This task force wouldn’t have happened without the work of Ivan Drury of CCAP, volunteers like Richard Marquez and residents of the Wonder and Palace Hotels who, at a previous council meeting, spoke out at council despite threat of eviction and launched a class action suit against the landlords.

Write a letter against Sequel 138 condos at Pantages

So far 40 groups have signed a community resolution calling for 100% social housing and no condos at 138 E. Hastings.  See the list of the groups on page 1 of this newsletter.  These are the groups that are organizing the campaign for 100% social housing:  Aboriginal Front Door, Carnegie Community Action Project, DTES Neighbourhood Council, DTES Power of Women Group, Gallery Gachet, Streams of Justice, Vancouver Area Network of Drug Users.

Worthington Properties has proposed to build 79 condos and 18 social housing units at the site.  They want the bottom floor to be an art space run by a group that includes David Duprey who is involved with the Rickshaw.

The Director of Planning may try to ok the project as soon as August or September.  But planners have told the Carnegie Action Project that if the project is “contentious,” it may go to the appointed Development Permit Board instead.  This would take a bit longer and the Development Permit Board hears members of the public.

So far the actions taken to preserve the site for 100% social housing include painting the building with the community’s vision for the site, shutting down the demolition of the buildings on the site because it was being done unsafely, forming a coalition to organize the campaign, getting groups to endorse the community resolution to stop the condos and build 100% social housing, and getting petitions signed by neighbourhood residents (so far about 1200 signatures have been collected).

The coalition also organized a news conference with about 40 supporters at the office of Studio One architects, the architect for the condo project.

Right now the coalition is urging everyone concerned to email,, and .

Writing the letter is simple and only takes a few minutes!
– State your firm opposition to the developer’s proposal for 79 condos at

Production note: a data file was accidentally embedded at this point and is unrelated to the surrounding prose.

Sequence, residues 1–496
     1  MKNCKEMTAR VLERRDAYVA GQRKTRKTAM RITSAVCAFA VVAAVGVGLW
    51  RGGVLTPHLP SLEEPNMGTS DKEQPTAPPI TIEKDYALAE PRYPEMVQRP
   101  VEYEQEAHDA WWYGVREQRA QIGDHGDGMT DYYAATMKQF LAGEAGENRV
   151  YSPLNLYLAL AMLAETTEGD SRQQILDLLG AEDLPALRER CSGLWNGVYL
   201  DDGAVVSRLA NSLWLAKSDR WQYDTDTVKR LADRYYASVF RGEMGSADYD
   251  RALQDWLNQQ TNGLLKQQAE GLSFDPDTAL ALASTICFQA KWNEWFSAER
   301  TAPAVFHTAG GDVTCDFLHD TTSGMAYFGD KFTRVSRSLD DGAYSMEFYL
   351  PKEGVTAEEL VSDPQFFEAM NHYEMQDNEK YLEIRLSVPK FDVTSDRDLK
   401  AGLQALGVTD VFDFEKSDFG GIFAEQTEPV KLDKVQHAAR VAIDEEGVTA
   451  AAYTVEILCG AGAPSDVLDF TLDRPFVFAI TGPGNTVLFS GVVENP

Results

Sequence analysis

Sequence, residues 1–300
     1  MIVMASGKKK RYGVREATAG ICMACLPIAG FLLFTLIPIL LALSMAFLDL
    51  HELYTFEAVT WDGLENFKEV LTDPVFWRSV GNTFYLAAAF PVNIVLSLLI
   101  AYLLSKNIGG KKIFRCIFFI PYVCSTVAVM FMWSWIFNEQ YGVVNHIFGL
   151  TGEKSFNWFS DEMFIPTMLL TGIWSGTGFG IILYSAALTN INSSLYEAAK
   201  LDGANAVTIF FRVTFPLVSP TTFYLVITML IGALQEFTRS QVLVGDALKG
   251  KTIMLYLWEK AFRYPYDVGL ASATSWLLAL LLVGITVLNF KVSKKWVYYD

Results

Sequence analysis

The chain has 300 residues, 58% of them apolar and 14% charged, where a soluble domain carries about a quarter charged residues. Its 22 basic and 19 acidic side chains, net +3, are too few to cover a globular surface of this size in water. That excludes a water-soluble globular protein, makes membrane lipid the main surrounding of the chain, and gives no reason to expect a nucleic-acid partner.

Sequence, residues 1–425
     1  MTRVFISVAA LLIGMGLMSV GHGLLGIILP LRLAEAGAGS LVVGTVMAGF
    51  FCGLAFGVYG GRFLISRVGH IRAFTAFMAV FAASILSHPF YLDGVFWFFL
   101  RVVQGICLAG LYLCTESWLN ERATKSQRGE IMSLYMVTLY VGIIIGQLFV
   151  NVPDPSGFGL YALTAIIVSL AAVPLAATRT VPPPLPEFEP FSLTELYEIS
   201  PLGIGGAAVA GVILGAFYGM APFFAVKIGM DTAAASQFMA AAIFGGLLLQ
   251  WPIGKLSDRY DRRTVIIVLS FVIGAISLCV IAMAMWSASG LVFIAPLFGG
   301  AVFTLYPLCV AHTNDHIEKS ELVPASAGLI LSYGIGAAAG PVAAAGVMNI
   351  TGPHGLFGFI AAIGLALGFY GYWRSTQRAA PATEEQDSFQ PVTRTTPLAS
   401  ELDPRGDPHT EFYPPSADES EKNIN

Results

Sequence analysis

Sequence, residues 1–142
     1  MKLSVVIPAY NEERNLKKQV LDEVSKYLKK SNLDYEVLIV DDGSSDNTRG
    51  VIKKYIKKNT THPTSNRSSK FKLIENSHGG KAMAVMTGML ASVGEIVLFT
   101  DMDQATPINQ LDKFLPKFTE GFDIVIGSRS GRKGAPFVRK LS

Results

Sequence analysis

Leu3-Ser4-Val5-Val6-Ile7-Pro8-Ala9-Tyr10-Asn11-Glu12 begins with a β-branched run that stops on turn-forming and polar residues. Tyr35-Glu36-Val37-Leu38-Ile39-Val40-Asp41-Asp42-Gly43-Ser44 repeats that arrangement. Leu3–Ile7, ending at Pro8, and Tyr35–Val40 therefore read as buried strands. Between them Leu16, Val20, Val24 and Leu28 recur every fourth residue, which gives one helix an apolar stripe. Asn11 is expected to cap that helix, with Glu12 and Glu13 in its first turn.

138 E. Hastings.
– State the low income community in the DTES is against this project and
condo development
– List some of the reasons for opposition, for example:                   

  • People in the DTES need social housing and can’t afford condos;
  • Condos cause gentrification which pushes up rents in hotels and brings in businesses that exclude low income residents with high prices and security guards
  • Condos in the 100 block of E. Hastings are especially bad because nearly 400 SRO residents live in that block and could be pushed out if gentrification pushes up their rents;
  • Building more social housing as well as defending and preserving our DTES community are more important – and more life saving – than letting developers make millions in the DTES.

For more information, check out this website:

More actions are planned for August and September. ~js

40 groups endorse campaign to stop condos at Pantages and to get 100% social housing

These groups have endorsed the community resolution calling for 100% social housing at the Pantages site:

Coalition organizers:

Aboriginal Front Door
Carnegie Community Action Project 
DTES Neighbourhood Council
DTES Power of Women Group 
Vancouver Area Network of Drug Users
Gallery Gachet
Streams of Justice
1. Indigenous Action Movement
2. Latin-American Collective – Vancouver
3. ACCESS (Association of Chinese Canadians for Equality and Solidarity Society)
4. Harmony of Nations Drum Group
5. Longhouse Ministry Church
6. PHS Community Services Society
7. Lookout Emergency Aid Society
8. Citywide Housing Coalition
9. Purple Thistle
10. Pivot Legal Society
11. Vancouver Catholic Worker
12. Teaching Support Staff Union Social Justice Committee
13. Mosaic @ the Space
14. DTES Neighbourhood Helpers Project
15. Council of Senior Citizens Organization of BC
16. First United Church
17. Oppenheimer Park Ladies Tea Party
18. Vancouver Rape Relief & Women’s Shelter
19. Vancouver Transgender Day of Remembrance Society
20. Spartacus Books
21. Carnegie Community Centre Association
22. Interfaith Institute for Justice, Peace and Social Movements
23. Women Elders In Action Society
24. Vancouver Action
25. St. James’ Anglican Church Social Justice Group
26. End Prohibition Committee
27. DTES Neighbourhood House28. Jacob’s Well
29. PACE Society
30. Impact on Communities Coalition
31. Jen’s Kitchen
32. Western Aboriginal Harm Reduction Society
33. Solidarity Notes Labour Choir